Back to hand-drawn sketches! This the first week in a looooong time when I’ve posted an actual pen-and-paper sketch rather than something I created on the computer. After a fairly long hiatus, I finally forced myself back to the sketch pad this week.
I started with a fairly rough sketch I’d made of a star block awhile ago. I decided I was happy with it as-is, but repeated it to see what came up. Don’t these look like poinsettias?
From this sketch, I continued to iterate the design, and I’ll post some of the resulting sketches over the next week or so. That process of accidental discovery is something that’s been missing from my software-enabled sketching, which I’ve been thinking about a lot lately. Each method definitely has its advantages, but (in my experience, at least) hand-drawn sketching leads to far more creative output.
Still, EQ8 can be useful for colouring in blocks (although still kinda clunky in certain ways):
This design could be made using a combination of squares, rectangles, flying geese or half-square triangles, kite in a square, and triangle in a square.
I haven’t had any long sketching sessions lately, so I’ve been digging through my files to find older ‘sketches’ that I feel like exploring further. In Sunday sketch #12, I looked at several different ways of arranging the kite-in-a-square unit to create new designs.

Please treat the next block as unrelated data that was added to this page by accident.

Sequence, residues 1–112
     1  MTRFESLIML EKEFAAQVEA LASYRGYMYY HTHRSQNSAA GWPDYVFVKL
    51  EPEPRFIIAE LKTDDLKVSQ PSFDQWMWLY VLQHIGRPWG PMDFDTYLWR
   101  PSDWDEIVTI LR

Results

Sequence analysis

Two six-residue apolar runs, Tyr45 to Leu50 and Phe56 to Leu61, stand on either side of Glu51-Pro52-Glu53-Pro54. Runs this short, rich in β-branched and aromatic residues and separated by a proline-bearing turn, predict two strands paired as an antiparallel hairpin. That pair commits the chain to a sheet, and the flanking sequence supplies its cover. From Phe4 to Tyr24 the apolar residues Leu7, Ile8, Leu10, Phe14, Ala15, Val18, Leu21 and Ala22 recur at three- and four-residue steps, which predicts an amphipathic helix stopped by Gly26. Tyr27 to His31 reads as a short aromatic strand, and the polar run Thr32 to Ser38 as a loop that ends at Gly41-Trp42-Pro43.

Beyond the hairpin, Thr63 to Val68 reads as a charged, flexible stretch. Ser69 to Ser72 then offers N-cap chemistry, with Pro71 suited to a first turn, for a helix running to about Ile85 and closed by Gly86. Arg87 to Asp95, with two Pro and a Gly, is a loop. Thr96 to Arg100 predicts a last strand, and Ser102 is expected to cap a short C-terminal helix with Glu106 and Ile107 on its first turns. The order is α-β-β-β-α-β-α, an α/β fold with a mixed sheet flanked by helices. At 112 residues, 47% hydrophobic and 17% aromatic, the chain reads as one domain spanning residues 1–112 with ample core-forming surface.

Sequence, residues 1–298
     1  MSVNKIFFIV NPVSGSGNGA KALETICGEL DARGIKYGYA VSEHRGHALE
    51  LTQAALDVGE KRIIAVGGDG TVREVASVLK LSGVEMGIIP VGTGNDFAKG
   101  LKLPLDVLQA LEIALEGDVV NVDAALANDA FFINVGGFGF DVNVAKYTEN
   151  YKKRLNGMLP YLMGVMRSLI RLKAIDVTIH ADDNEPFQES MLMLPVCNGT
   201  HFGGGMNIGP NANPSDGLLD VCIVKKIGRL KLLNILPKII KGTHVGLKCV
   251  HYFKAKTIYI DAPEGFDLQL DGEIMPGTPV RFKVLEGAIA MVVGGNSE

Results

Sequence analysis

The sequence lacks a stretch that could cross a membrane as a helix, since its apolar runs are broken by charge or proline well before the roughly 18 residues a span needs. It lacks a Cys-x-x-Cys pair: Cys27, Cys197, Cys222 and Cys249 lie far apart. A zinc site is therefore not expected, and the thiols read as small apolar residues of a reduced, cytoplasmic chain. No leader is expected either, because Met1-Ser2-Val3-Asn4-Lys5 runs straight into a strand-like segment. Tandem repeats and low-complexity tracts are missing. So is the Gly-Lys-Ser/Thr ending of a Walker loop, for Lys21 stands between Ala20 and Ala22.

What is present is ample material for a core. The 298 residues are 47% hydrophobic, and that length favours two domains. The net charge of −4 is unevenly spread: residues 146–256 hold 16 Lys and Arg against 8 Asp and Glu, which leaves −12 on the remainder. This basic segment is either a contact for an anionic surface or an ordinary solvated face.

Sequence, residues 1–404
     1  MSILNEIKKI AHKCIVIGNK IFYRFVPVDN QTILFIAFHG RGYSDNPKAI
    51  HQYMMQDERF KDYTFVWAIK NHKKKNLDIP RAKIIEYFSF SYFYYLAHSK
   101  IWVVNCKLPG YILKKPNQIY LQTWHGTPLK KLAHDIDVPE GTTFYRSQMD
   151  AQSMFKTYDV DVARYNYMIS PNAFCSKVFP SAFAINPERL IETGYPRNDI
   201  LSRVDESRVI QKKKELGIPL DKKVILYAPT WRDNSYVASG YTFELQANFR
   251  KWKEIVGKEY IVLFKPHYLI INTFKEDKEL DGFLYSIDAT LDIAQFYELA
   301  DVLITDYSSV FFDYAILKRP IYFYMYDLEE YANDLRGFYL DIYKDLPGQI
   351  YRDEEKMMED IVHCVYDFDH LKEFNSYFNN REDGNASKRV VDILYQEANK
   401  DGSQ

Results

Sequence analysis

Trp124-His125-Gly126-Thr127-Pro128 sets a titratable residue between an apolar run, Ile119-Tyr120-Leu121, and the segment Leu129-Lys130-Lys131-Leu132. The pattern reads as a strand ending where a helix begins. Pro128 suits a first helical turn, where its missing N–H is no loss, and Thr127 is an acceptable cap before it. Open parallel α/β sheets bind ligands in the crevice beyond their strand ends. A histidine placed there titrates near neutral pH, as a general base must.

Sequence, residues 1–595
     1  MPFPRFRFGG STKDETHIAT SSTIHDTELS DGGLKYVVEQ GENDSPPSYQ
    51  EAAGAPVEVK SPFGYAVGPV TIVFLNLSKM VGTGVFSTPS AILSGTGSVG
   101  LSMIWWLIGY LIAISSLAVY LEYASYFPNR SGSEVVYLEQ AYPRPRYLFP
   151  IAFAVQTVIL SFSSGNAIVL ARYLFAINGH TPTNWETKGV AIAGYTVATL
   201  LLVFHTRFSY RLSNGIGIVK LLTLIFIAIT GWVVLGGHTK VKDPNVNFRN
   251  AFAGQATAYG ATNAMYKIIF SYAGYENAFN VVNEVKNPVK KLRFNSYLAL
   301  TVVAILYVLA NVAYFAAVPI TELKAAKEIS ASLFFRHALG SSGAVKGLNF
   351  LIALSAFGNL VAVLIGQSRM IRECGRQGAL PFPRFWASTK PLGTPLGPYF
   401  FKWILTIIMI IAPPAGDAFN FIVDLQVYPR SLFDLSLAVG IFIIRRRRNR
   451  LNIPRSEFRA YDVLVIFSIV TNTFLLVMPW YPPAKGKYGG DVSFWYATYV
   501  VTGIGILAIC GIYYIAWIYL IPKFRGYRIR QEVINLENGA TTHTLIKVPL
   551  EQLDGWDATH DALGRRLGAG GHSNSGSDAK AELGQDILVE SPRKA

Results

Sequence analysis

I wrote (over a year ago now!) that one of the sketches reminded me of the sawtooth, serrated leaves of Banksia species. One minor tweak – shifting each column ever so slightly – aligns them by their kite tips, retaining that serrated look but also creating some interesting secondary shapes. I love the columns that emerge, which you can see more clearly when some of the ‘leaves’ are left unshaded:
I love the bold and jagged nature of this design. I’m very tempted to make this into a simple pattern. It’s only kite-in-a-square units, and each one could be made using foundation paper piecing or a Bloc Loc ruler for accuracy.